As implausible as it seems, this is a “just good” Spielberg/Streep/Hanks film. Though extremely timely, The Post is by no means the level of quality one would expect from that trio. Watch this one, but wait for discount tickets/streaming.
The Good: Strong attention to themes tie all the pieces together, plus Streep and Hanks are never bad.
Spielberg. Streep. Hanks.
That’s the trifecta of zenith Hollywood talent. Put them together? It could be an adaptation of Pac-Man – the movie would still get a nomination.
So, naturally, they are talented here, yet again. Spielberg continues his line of easily consumable political period pieces about less-public yet timely historical events. They aren’t his best work, but by no means are they anything less than good.
Streep has a complex role, and she succeeds in oscillating between vulnerability and timidity, and swelling confidence. While she does not have the screen time to have her story really dug into, Streep makes the most of it.
Hanks gets to dive a bit meaner than he typically gets to, playing the rough edged newspaper editor archetype. Like Streep, we really only get the surface of Hanks’ character, but what is presented is so different and fresh, one can’t help but enjoy it.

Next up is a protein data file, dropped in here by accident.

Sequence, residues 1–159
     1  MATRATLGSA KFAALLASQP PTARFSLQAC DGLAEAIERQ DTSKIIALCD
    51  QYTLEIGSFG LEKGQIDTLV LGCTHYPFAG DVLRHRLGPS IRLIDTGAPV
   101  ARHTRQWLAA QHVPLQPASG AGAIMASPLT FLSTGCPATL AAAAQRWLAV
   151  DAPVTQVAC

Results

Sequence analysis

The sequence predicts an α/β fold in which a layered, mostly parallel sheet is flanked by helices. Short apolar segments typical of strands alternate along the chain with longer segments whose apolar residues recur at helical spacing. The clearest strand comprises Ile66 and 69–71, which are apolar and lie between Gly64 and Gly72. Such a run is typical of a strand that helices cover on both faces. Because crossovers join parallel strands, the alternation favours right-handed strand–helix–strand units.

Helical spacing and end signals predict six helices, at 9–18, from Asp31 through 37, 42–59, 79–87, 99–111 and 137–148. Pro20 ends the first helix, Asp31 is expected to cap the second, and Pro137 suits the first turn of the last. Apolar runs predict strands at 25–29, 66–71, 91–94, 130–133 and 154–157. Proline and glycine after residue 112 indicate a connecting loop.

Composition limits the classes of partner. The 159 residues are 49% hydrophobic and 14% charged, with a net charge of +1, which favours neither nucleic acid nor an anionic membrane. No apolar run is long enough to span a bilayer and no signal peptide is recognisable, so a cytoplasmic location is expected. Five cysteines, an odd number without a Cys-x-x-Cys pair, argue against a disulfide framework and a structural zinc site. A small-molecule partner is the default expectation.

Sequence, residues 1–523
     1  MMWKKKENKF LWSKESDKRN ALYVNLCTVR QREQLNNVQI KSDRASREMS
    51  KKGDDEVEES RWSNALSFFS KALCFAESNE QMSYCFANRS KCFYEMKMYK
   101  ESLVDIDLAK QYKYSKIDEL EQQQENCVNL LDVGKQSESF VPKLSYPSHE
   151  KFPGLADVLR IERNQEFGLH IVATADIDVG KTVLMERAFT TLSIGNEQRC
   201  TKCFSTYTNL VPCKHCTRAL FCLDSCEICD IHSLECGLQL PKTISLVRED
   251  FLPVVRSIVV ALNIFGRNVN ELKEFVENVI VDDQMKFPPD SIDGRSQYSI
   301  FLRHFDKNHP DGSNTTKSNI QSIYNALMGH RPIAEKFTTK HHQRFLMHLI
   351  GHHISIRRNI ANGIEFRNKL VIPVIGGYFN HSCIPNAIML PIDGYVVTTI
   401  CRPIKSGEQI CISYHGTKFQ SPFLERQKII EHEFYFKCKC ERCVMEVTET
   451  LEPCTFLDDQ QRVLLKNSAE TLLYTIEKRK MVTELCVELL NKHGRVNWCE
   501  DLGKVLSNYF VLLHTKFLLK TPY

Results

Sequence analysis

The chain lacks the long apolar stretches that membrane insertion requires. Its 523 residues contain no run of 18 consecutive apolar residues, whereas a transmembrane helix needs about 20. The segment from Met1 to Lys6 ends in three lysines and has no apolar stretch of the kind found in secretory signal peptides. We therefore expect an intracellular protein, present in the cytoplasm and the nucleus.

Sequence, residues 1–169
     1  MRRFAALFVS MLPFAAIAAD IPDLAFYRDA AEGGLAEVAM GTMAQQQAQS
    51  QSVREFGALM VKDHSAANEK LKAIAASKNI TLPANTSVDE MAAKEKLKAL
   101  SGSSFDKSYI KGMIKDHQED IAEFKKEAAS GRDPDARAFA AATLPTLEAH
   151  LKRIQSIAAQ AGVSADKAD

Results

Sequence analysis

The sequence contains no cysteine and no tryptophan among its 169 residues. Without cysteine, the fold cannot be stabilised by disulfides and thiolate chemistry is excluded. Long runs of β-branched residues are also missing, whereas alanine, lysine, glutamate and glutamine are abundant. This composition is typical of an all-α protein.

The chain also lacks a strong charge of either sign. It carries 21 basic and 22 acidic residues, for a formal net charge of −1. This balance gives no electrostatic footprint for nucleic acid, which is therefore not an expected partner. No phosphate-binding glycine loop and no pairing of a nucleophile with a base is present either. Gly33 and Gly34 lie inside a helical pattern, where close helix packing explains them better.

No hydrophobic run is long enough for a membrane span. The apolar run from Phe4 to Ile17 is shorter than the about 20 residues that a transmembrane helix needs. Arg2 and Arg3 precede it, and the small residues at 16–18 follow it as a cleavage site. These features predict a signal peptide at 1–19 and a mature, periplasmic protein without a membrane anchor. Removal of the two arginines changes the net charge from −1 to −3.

Strangely, given the star power of the cast, they aren’t the real highlights of the film. That credit goes to the eerily timely story and it’s tightly orchestrated themes. The necessity of a free press, the power and fear of the truth, and the important role that often silenced women play in changing history; it is clear by the story is being told when it is.
The Bad: Aside from a Disney-like ending, there is nothing truly bad, but it certainly does not meet (unfair) expectations.
The story is powerful, thought provoking, and necessary.
But the plot is not that exciting.
The New York Times has some papers. How do we get the papers? We have the papers. Do we release the papers? We released the papers. The Washington Post is cool now.
That, in an incredibly reductive nutshell, is the plot. And no matter how you dress it up, it just isn’t that exciting. While it is a fascinating and important moment in modern American history, it’s not a watershed moment. It does not make the history books in public education; the journalists names will not be remembered by most.
The film even seems to acknowledge this, ending by showing the moment that will be remembered, that did solidify a place in the collective conscious: the Watergate Scandal.
The film best known for depicting that event, All the President’s Men, manages to not only be fantastic, but to do so primarily through its plot developments. They are beats that are filled with drama, that come with the tension and weight of the downfall of an administration.